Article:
Table of Contents
- Raynaud's phenomenon facts
- What is Raynaud's phenomenon?
- What causes Raynaud's phenomenon?
- What are risk factors from Raynaud's phenomenon?
- What conditions have been associated with Raynaud's phenomenon?
- What are Raynaud's phenomenon symptoms and signs?
- What tests do health-care professionals use to diagnose Raynaud's phenomenon?
- What specialties of doctors treat Raynaud's phenomenon?
- What is the treatment for Raynaud's phenomenon?
- What is the prognosis (outlook) for Raynaud's phenomenon?
- Is it possible to prevent Raynaud's phenomenon?
- What research is being done on Raynaud's phenomenon?
What are Raynaud's phenomenon symptoms and signs?
Symptoms of RP depend on the severity, frequency, and duration of the blood vessel spasm. Most patients with mild disease only notice skin discoloration upon cold exposure. They may also experience mild tingling and numbness of the involved digit(s) that will disappear once the color returns to normal. When the blood-vessel spasms become more sustained, the sensory nerves become irritated by the lack of oxygen and can cause pain in the involved digit(s). Rarely, poor oxygen supply to the tissue can cause the tips of the digits to ulcerate. Ulcerated digits can become infected. With continued lack of oxygen, gangrene of the digits can occur.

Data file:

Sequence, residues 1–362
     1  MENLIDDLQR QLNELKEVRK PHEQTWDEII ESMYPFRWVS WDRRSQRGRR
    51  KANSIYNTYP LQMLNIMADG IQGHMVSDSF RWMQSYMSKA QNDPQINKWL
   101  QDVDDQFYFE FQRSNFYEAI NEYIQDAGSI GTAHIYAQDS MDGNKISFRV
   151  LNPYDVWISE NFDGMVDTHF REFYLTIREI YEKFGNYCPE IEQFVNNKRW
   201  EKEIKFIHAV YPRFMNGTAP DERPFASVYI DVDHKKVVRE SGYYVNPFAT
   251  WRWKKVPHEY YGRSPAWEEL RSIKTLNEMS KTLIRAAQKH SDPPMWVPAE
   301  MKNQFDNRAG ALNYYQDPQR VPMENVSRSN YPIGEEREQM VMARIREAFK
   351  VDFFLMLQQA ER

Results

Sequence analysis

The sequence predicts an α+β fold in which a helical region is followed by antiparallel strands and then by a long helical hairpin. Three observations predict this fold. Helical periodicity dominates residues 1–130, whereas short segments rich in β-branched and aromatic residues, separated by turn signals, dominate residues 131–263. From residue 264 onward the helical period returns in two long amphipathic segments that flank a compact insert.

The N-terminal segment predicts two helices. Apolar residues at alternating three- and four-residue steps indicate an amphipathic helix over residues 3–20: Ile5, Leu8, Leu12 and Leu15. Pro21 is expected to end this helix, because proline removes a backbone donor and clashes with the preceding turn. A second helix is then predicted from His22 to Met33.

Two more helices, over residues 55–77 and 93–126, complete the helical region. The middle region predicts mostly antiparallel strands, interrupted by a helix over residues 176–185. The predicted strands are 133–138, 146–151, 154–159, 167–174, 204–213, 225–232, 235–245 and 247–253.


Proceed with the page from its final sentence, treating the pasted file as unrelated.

Less common areas of the body that can be affected by RP include the nose, ears, and tongue. While these areas rarely develop ulcers, they can be associated with a sensation of numbness and pain.
Patients with secondary RP can also have symptoms related to their underlying diseases. RP is the initial symptom of a majority of patients with scleroderma, a skin and joint disease. Other rheumatic diseases frequently associated with RP include systemic lupus erythematosus, rheumatoid arthritis, and Sjögren's syndrome.